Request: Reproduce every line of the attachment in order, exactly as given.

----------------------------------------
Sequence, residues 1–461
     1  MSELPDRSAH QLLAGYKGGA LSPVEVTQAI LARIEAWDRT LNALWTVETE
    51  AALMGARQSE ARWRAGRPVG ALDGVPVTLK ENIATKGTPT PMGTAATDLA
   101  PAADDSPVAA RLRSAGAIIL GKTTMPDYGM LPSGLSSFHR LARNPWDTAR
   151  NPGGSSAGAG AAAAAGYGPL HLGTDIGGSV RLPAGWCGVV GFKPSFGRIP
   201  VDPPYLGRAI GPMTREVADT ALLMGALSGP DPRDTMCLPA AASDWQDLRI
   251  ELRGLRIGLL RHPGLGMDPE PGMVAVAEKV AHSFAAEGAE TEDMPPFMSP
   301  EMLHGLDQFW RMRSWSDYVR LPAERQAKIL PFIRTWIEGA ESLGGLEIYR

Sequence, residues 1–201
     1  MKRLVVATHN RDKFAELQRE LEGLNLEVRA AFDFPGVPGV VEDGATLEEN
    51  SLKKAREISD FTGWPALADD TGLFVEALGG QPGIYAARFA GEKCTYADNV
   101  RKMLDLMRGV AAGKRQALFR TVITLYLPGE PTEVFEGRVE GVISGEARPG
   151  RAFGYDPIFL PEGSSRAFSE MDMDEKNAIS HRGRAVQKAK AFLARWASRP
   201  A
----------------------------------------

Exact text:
Sequence, residues 1–461
     1  MSELPDRSAH QLLAGYKGGA LSPVEVTQAI LARIEAWDRT LNALWTVETE
    51  AALMGARQSE ARWRAGRPVG ALDGVPVTLK ENIATKGTPT PMGTAATDLA
   101  PAADDSPVAA RLRSAGAIIL GKTTMPDYGM LPSGLSSFHR LARNPWDTAR
   151  NPGGSSAGAG AAAAAGYGPL HLGTDIGGSV RLPAGWCGVV GFKPSFGRIP
   201  VDPPYLGRAI GPMTREVADT ALLMGALSGP DPRDTMCLPA AASDWQDLRI
   251  ELRGLRIGLL RHPGLGMDPE PGMVAVAEKV AHSFAAEGAE TEDMPPFMSP
   301  EMLHGLDQFW RMRSWSDYVR LPAERQAKIL PFIRTWIEGA ESLGGLEIYR

Sequence, residues 1–201
     1  MKRLVVATHN RDKFAELQRE LEGLNLEVRA AFDFPGVPGV VEDGATLEEN
    51  SLKKAREISD FTGWPALADD TGLFVEALGG QPGIYAARFA GEKCTYADNV
   101  RKMLDLMRGV AAGKRQALFR TVITLYLPGE PTEVFEGRVE GVISGEARPG
   151  RAFGYDPIFL PEGSSRAFSE MDMDEKNAIS HRGRAVQKAK AFLARWASRP
   201  A